Tf T 0f T 00f tr U V_ air V_ CH

4

V x Ze

flame temperature with particles promoted flame temperature due to locally increased equivalence ratio reduced flame temperature due to heat sink effect of particles residence time average flow velocity at burner nozzle volumetric flow rate of air volumetric flow rate of methane volume spatial coordinate zeldovich number

Greek symbols a cone angle q density of the mixture qs density of the particle d thickness of devolatilization zone U original gaseous mixture equivalence ratio /s equivalence ratio of coal particles and air assuming complete gasification Subscripts b adiabatic condition based on original gas phase condition f flame s solid particle u conditions in the ambient condition v vapor

is installed inside the steel tube, 150 mm away from the burner exit, to allow the flow streamlines to become parallel well before the burner exit. Dust is fed to the orifice plate through three openings of dimensions 7.5 mm wide and 9 mm long, located on the tube in an axisymmetric fashion above the orifice plate as shown in Fig. 2b. A brass jacket tube of inner diameter 0.1 mm larger than the outer diameter of the steel tube is secured by two socket head screws. This is used to adjust the opening size and therefore the dust entrainment. Pittsburgh seam coal dust (with no additives) is used in the present study. Few separate experiments have been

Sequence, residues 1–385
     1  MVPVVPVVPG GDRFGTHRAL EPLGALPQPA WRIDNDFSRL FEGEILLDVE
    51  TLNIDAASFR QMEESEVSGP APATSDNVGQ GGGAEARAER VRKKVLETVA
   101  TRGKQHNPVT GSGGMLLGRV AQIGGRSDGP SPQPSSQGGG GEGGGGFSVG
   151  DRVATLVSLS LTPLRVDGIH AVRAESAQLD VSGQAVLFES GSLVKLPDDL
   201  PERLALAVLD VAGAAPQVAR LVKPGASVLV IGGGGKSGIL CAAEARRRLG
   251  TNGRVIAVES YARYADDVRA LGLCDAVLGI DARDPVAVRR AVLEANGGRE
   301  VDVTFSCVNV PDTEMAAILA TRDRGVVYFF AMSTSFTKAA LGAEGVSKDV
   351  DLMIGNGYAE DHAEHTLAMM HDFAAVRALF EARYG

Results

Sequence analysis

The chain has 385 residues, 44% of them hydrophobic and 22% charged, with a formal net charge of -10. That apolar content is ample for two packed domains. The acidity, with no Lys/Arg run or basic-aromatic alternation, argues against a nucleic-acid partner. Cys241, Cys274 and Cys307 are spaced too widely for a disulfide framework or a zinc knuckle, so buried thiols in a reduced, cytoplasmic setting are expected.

Fig. 1. Schematic of dust deflagration process.